The suggested dietary intake of magnesium for adults overage l9 is 350mg a day. Good food sources of the mineral include nuts, seafood, leafy green vegetables and whole-grain products. Diets high in refined foods contain less magnesium, as do meat and dairy foods. For example, milling removes 59% of magnesium from whole-grain products. Cooking food in water also leaches out large quantities of the mineral. Procuring sufficient magnesium shouldn't be a problem, but several considerations must be examined. For instance, diets restricted in food variety - such as those consumed by competitive bodybuilders - may make it more difficult to derive optimal amounts of magnesium solely from food. While some magnesium is lost in sweat, the stress of intense training itself tends to promote magnesium excretion. Excessive alcohol intake also promotes magnesium excretion, although this is rarely a problem with bodybuilders.
Exercise-induced loss of magnesium involves the heightened response of several hormones that oppose the body's conservation of magnesium. These stress hormones include ant diuretic hormone from the posterior pituitary gland, thyroid hormone, aldosterone and cortisol. Cotecholamines, such as epinephrine, are also released during exercise to mobilize body fat as an energy source. The process, however, promotes increased excretion of magnesium in urine. Bodybuilders who use certain drugs, particularly diuretics, are known to excrete far larger amounts of magnesium. This, in turn, promotes side effects related to electrolyte imbalances, such as severe muscle cramping. A graphic display of such side effects is sometimes seen at bodybuilding contests, as some bodybuilders onstage fidget and bend over in an effort to relieve painful muscle spasms.
As they are called upon to step forward and pose, pain often gets even worse. This results from an imbalance between calcium and magnesium. The calcium stimulates an extended and painful muscle contraction that is a form of tetany (i.e., muscle hyperexcitability), which is usually offset by both magnesium and potassium. However, if enough of these minerals hove been lost due to diuretic abuse, the calcium dominates. If this imbalance extends to the heart, a possibly fatal heart-rhythm disturbance may ensue. While it's clear that magnesium is vital to both health and bodybuilding, you don't want to go overboard with it. As with alt minerals, the key to magnesium is balance. As noted earlier, you need to consume a certain proportion of magnesium relative ta other minerals, such as calcium and potassium. If you slightly exceed the U.S. government's suggested daily dose of 350 mg per day, nothing will happen. Go too high, however, and you may suffer from diarrhea, nausea and/or vomiting.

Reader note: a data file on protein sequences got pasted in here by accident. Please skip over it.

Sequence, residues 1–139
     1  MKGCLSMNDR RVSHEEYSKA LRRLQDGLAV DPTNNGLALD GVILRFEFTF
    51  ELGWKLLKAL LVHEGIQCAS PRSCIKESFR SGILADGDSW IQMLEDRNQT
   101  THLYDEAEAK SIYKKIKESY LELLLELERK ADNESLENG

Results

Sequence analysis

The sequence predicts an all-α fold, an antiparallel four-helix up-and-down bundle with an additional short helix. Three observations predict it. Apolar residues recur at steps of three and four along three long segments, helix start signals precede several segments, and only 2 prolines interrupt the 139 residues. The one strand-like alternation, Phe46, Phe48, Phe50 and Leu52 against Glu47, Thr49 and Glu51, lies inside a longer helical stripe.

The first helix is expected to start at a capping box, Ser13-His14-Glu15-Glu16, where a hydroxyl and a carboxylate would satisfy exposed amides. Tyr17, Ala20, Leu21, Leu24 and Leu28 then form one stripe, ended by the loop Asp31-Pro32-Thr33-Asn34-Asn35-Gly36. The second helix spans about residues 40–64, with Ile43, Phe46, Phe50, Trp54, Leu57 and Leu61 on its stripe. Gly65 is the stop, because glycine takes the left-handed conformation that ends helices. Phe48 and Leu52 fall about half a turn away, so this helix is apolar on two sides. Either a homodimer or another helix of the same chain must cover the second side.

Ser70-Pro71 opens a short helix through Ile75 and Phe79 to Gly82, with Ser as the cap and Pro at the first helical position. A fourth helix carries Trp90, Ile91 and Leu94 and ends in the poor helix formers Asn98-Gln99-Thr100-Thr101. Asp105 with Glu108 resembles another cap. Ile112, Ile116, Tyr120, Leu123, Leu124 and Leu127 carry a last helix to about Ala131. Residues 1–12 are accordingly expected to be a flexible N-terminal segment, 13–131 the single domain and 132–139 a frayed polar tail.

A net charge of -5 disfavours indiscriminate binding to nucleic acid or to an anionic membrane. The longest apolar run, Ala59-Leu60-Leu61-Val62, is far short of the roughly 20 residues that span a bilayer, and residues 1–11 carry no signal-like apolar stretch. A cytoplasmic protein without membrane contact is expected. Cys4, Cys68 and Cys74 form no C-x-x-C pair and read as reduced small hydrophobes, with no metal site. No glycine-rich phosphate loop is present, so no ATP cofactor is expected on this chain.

Large amounts of magnesium have an osmotic effect in the intestines, drawing in water. This explains the use of concentrated magnesium sources such as Epsam salts and milk of magnesia to treat constipation. But too much magnesium works in reverse, causing excess water in the gut and consequent diarrhea. Normally, the body effectively excretes extra magnesium (and absorbs only about 30-40% of an oral dose), but kidney failure hampers this process. Thus, extra magnesium could prove fatal for kidney patients and for those who have a type of heart disturbance referred to as high-grade atriaventricular block.
Obtaining proper levels of magnesium is a simple matter. I'd suggest taking a multimineral containing the optimal ratio of. calcium and magnesium (most products have this ratio) and other synergistic minerals, such as potassium, for maximum effectiveness. This is particularly important when your caloric consumption is restricted - and hence the variety of foods available to you is limited - to ensure complete nutrient intake.